Desmodium panciulatum (L.) DC. - Tick Trefoil

Desmodium paniculatum inflorescence

Family - Fabaceae

Stems - To 1m tall, erect to ascending or reclining, glabrous to pubescent, herbaceous, single or multiple from base, from a taproot and with a caudex.

Desmodium paniculatum stem

Leaves - Alternate, trifoliolate, stipulate, petiolate. Stipules attenuate, to 8mm long, glabrous or ciliate margined. Petioles to +/-4cm long, slightly expanded at base for 2-3mm, 3-angled, glabrous to pubescent. Petiolules of lateral leaflets to 2.1mm long, pubescent. Lateral leaflets to +7cm long, +2cm broad, slightly oblique to rounded at base, acute to blunt at apex, entire, appressed pubescent (strigose) to pilose, lanceolate to narrowly ovate or oblong. Petiolule of terminal leaflet to -2cm long, thickened at base for 2mm, with pair of small stipules at base. Terminal leaflet similar to lateral leaflets.

Desmodium paniculatum leaves

Inflorescence - Axillary and terminal racemes or panicles to +30cm long. Pedicels to 1.2cm long in flower, dense uncinulate-pubescent, subtended by lance-attenuate bracts to 5mm long.

Flowers - Corolla papilionaceous, pinkish. Standard notched at apex, with two yellowish spots near base, to 7mm long and broad. Wing petals slightly inflated. Stamens diadelphous, 6-7mm long. Ovary green, pubescent, 3mm long. Style to 2mm long. Calyx tube to +/-1mm long, puberulent, tinged with red. Upper lobe of calyx to +1.5mm long. Lower lobe of calyx with deflexed central portion to +4mm long. Loments with 3-6 segments, uncinulate-puberulent.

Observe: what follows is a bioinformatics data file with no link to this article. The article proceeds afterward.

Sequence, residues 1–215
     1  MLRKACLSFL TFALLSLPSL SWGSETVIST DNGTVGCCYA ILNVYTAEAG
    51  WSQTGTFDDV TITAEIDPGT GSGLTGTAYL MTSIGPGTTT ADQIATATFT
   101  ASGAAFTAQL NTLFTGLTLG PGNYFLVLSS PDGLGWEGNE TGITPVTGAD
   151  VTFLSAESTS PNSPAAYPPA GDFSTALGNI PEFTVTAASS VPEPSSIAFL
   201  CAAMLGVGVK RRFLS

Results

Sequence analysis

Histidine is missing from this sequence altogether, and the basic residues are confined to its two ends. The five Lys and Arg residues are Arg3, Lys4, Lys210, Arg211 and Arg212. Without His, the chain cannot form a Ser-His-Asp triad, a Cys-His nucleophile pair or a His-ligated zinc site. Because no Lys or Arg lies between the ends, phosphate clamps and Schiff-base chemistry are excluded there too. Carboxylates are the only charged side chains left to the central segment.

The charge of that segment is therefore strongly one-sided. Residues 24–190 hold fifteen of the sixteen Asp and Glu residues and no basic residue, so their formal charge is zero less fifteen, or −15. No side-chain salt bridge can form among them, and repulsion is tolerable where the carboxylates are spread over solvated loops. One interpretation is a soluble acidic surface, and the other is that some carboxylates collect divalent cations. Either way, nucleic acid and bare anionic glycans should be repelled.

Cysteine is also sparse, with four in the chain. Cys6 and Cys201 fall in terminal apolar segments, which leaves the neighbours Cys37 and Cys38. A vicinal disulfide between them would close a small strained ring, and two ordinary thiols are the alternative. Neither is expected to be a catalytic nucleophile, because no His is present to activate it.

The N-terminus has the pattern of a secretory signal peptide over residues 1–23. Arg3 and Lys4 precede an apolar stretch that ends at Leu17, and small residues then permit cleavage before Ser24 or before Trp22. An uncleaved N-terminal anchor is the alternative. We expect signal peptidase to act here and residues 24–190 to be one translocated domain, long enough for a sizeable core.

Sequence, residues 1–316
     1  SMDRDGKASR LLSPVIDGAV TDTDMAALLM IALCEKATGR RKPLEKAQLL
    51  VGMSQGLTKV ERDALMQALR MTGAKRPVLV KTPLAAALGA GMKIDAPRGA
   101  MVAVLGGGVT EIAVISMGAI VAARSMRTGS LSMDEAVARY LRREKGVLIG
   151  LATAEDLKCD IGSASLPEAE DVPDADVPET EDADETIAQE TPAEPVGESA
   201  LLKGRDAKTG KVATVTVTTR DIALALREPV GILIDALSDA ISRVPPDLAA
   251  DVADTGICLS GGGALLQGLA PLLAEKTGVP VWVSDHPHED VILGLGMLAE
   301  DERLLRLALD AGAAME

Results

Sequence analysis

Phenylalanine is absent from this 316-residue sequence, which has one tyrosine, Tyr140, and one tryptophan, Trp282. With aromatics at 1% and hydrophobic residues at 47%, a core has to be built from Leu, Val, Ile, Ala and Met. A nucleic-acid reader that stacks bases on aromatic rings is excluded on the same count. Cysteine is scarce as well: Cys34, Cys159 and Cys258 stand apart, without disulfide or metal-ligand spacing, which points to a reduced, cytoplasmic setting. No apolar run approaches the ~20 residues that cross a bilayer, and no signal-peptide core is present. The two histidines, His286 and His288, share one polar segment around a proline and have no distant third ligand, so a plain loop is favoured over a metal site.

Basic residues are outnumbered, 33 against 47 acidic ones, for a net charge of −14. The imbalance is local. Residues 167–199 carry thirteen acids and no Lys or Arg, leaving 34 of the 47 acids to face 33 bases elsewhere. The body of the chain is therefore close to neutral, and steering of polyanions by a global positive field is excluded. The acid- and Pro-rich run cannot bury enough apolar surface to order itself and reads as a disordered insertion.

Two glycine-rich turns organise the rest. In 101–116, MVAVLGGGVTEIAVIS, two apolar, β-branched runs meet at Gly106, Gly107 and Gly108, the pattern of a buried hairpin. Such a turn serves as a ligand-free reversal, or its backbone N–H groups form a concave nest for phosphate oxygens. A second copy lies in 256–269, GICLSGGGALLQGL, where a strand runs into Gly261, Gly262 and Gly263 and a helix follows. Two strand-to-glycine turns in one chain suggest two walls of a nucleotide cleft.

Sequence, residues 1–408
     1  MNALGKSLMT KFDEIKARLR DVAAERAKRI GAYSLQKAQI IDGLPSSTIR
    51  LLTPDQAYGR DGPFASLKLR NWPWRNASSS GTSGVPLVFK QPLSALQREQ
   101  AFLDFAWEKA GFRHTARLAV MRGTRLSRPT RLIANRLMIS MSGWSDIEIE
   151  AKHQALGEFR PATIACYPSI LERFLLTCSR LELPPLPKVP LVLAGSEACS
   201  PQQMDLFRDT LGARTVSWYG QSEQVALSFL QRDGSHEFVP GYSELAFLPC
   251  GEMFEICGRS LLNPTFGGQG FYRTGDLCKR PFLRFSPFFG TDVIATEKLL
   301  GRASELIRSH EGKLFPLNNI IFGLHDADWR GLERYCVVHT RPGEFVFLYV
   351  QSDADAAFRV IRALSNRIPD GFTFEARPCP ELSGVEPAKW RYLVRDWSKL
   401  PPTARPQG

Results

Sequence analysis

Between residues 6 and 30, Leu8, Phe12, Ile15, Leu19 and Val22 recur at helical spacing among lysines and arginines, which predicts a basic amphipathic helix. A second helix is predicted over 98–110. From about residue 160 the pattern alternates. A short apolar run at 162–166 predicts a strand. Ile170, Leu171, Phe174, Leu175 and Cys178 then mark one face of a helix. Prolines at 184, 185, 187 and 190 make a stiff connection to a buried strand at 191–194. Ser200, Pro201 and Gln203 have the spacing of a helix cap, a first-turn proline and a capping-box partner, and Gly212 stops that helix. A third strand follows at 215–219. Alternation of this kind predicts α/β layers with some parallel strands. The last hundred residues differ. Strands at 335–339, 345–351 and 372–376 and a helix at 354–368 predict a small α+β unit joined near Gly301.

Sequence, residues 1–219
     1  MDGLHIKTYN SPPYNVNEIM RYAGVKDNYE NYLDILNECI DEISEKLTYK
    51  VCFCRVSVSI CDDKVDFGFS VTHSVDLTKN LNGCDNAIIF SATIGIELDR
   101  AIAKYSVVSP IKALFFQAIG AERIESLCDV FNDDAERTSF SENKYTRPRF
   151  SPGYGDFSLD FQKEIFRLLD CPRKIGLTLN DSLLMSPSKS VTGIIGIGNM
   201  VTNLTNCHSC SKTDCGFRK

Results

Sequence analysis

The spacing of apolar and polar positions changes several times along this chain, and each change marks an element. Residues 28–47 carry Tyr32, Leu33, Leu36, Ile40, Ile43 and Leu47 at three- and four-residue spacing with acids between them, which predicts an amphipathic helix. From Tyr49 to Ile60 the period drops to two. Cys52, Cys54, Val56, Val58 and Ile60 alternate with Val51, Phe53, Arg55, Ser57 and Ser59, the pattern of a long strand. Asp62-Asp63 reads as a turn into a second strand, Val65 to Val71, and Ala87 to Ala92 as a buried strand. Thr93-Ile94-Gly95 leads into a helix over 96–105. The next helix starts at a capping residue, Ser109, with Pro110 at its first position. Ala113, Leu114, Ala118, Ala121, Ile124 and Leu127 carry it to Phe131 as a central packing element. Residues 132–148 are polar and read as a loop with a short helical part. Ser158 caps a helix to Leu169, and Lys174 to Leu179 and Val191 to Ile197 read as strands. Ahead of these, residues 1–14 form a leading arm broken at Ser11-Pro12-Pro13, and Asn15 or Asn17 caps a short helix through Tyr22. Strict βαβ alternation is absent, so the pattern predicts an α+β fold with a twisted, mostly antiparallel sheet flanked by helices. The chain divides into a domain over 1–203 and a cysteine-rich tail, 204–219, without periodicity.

Desmodium paniculatum flowerFlower close-up.

Desmodium paniculatum calyxCalyx.

Desmodium paniculatum fruitsFruits.

Flowering - July - September.

Habitat - Thickets, dry upland woods, rich woods, ravines, prairies, glades, ridges, moist ground, roadsides, railroads.

Origin - Native to U.S.

Other info. - This species can be found throughout Missouri. The plant can be identified by its relatively small flowers, thin leaflets, and pubescent stems. There is variation in leaf size and pubescence, however, and many authors separate this species into many varieties. I won't go into those here.
The leaflets of this species have hairs which will slightly cling to clothing or fabric like weak velcro.

Photographs taken off Hwy H, Shannon County, MO., 7-30-04.


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